Customer engagement is a hot topic these days, according to digital customer experience trends. For long-term customer success, you need to design better products that reach more people.
That means the user experience is relevant for anyone with an online business. After all, better usability means a higher app retention rate.
Usability testing is how you test your product with real people.
As a method, it helps companies test the success of their design, raise their game, and keep their conversions healthy. This post will share how to perform usability testing on your enterprise website to fix issues and optimize your conversions.
Whether you’re evaluating the user experience of a new site before launch or upgrading an existing one, we’ve got you covered with principles and tricks you can use to find out what’s working and what’s not.
What is usability testing?
Usability testing is the process of evaluating your product by seeing how your end-users interact with your system while completing a list of tasks. You observe their interactions to see how usable your site is while noting areas for improvement.
It’s about understanding your product’s functionality and seeing if users can make intuitive sense of their experience of it. You then let the feedback guide you as to how you’re enabling users, further informing your design decisions.
Usability testing will help you understand problems that are negatively affecting conversions.
A case where usability went wrong was a problem in Myanmar when users couldn’t view the UI or content that used another standard for encoding and had to rely on converters from unicode to zawgyi to understand what international apps were saying. But that’s a low bar.
We can distill the issues that can concentrate the user experience down to three primary usability metrics. The effectiveness with which users can accomplish their goals on your website.
The best time to do usability testing is… anytime. It’s always good to know how usable your product is, whether before you start designing your current site or once you have a prototype ready, for example.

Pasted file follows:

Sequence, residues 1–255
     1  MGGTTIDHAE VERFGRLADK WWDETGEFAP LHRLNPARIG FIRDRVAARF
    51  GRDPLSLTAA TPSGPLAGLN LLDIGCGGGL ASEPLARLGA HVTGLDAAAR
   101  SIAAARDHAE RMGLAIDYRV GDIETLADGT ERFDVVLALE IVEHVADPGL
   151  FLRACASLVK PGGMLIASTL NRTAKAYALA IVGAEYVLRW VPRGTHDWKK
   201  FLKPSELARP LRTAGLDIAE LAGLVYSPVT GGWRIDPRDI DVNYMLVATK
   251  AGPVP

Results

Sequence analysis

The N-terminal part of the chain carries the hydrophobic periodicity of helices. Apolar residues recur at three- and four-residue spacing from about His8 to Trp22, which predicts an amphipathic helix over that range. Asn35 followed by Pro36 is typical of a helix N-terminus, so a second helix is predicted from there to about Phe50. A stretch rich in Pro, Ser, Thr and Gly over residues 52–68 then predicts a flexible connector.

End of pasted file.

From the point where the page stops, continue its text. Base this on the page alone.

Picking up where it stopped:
Usability testing helps you probe these indicators about what the user thinks and feels when they approach your site.
Once you’ve determined which metrics you’re using, you need to create task analyses.
Typically, a designer — with a deep understanding of app lifecycle management, for example — will start the ball rolling and walk UX researchers through the prototype.
They annotate assumptions and break down the complex interaction flow within business applications for UX researchers who facilitate testing sessions.
Task analysis involves breaking down your overarching goal into small steps. So as many as you need to achieve your objective and develop an idea of the path users take.
Use your task analysis to set the metrics you’ll use to benchmark effectiveness and efficiency — such as task completion rate and time spent on any given task. Typically, you build your task flow by laying out and connecting up shapes — diamonds for decisions and squares for the process.
Having built your task flowchart, it now functions as your guide for adjusting your metrics and conducting testing sessions.
Narrow down test type
Let’s suppose you’re a business that doesn’t need to ask, ‘what is SaaS marketing?’ because you’re serious about selling your products. You recognize that the user experience is about their interactions with your brand and your product.
Once you develop quality software, you know that differentiating yourself means showing how your product improves the lives or businesses of your customers. Well, how do you ensure it does exactly that?
That’s where usability testing comes in.
First, you need to identify the kind of usability test you should perform for your enterprise website.
Your choice will depend on the tasks you’re looking to measure and the metrics you’re using.
Let’s take a look at a few common use cases.
Card sorts are an early usability test. They enable tests to be conducted at speed and test how well users’ mental models match your site’s architecture.
However, because card sorts involve minimal user feedback, they’re not well-suited to testing other metrics like satisfaction and effectiveness.
Then there are field studies in which UX researchers embed and get users to walk them through how they interact with their UX implementations.
Also known as contextual inquiries, field studies are perfect for usability testing because they allow you to gain face-to-face feedback. While they let you take a deep dive into usability issues, they’re less time-effective.
Keep reading: Enterprise Usability Website Example & Guide- Agility CMS